Nomenclature While Simon Marius is not credited with the sole discovery of the Galilean satellites, his names for the moons were adopted. In his 1614 publication Mundus Iovialis anno M.DC.IX Detectus Ope Perspicilli Belgici , he proposed several possible names for the innermost of the large moons of Jupiter, including The Mercury of Jupiter or The First of the "Jovian Planets".  Based on a suggestion from Johannes Kepler in October 1613, he also generated a naming scheme so that each moon was given its own name based on the lovers of the Greek mythological Zeus or his Roman equivalent, Jupiter . In this case, he named the innermost large moon of Jupiter after the Greek mythological figure Io .   The most common adjectival form of the name is Ionian . Marius' names fell out of favor, and were not revived in common use until the mid-20th century. In much of the earlier astronomical literature, Io is simply referred to by its Roman numeral designation (a system introduced by Galileo) as "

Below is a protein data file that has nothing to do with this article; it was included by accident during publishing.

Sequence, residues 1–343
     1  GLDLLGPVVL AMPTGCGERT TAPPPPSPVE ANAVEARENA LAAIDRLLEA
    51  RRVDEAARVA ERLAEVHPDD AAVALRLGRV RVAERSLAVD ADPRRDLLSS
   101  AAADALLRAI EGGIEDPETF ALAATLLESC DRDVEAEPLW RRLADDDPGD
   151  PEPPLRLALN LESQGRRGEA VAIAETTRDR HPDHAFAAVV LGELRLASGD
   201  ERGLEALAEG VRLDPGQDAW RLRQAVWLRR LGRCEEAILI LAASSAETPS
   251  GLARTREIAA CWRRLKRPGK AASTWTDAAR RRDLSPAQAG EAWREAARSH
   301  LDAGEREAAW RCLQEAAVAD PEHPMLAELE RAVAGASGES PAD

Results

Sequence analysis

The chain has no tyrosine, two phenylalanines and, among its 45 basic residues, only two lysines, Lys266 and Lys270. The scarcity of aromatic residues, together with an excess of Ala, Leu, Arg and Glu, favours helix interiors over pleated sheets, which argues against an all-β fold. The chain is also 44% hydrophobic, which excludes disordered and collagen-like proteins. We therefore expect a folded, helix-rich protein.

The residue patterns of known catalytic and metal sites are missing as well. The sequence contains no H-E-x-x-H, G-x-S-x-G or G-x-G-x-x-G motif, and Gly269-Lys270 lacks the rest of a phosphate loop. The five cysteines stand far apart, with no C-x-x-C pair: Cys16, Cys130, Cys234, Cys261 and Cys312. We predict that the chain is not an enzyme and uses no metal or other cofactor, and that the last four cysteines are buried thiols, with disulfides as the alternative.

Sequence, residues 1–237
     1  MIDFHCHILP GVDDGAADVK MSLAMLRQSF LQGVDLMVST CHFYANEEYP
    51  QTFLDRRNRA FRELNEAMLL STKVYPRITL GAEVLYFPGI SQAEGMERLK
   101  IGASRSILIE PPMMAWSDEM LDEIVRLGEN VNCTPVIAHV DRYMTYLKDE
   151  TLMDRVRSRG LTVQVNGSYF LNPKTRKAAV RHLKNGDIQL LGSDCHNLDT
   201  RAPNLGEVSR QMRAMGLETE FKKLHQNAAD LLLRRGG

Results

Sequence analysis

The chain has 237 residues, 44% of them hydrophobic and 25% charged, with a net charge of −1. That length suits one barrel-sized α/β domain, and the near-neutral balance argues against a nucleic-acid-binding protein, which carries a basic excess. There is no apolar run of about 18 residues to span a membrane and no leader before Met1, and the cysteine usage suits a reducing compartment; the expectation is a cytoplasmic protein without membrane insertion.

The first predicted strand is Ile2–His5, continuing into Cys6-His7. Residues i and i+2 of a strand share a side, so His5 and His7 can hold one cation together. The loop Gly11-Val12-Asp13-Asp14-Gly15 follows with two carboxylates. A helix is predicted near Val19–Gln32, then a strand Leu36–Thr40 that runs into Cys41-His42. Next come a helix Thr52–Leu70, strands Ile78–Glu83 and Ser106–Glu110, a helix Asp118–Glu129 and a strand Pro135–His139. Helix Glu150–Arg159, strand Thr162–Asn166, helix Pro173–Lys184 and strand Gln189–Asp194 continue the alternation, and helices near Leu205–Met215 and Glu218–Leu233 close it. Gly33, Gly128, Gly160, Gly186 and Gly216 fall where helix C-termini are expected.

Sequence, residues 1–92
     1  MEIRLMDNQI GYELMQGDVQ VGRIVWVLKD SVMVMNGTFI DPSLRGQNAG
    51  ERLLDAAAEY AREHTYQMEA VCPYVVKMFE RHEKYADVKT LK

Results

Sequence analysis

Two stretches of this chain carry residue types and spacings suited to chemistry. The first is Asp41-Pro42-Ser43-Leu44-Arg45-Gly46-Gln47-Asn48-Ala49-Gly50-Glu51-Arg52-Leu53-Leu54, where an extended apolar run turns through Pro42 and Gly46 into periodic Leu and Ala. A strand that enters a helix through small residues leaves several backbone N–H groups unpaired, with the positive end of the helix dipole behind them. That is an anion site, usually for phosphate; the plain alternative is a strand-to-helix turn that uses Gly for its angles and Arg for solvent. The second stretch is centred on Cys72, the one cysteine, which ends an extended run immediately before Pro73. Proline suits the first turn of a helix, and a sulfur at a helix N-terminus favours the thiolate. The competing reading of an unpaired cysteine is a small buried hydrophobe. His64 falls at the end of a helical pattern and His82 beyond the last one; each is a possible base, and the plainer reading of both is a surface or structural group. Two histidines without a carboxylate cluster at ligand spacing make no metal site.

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This note was uploaded on 12/15/2011 for the course AST AST1002 taught by Professor Emilyhoward during the Fall '10 term at Broward College.